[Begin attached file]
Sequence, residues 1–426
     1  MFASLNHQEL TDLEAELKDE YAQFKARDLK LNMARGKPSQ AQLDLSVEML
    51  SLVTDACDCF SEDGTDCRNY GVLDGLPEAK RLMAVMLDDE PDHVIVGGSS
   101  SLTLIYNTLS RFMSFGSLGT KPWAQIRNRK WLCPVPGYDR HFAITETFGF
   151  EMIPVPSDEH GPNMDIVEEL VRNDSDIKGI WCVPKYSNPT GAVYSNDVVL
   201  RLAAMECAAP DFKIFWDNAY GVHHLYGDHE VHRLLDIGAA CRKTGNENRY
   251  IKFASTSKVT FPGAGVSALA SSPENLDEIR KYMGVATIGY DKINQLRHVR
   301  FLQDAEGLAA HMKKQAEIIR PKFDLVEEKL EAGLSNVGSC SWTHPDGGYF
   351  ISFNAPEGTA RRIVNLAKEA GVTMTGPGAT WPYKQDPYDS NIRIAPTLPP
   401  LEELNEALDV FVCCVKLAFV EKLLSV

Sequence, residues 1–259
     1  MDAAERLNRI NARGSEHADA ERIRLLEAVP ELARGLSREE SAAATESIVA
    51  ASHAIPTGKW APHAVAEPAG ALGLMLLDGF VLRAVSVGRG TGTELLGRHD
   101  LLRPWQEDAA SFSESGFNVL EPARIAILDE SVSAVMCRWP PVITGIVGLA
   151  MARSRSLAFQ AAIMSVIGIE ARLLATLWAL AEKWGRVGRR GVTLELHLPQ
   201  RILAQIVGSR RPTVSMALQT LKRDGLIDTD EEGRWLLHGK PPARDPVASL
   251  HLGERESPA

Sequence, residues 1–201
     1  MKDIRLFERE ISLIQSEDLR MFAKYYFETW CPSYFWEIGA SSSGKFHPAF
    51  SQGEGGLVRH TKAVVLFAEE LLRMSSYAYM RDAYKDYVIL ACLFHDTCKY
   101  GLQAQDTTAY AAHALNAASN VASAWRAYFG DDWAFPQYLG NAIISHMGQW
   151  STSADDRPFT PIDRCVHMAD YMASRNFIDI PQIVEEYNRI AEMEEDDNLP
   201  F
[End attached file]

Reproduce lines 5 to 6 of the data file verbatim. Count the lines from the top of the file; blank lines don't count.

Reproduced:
   151  EMIPVPSDEH GPNMDIVEEL VRNDSDIKGI WCVPKYSNPT GAVYSNDVVL
   201  RLAAMECAAP DFKIFWDNAY GVHHLYGDHE VHRLLDIGAA CRKTGNENRY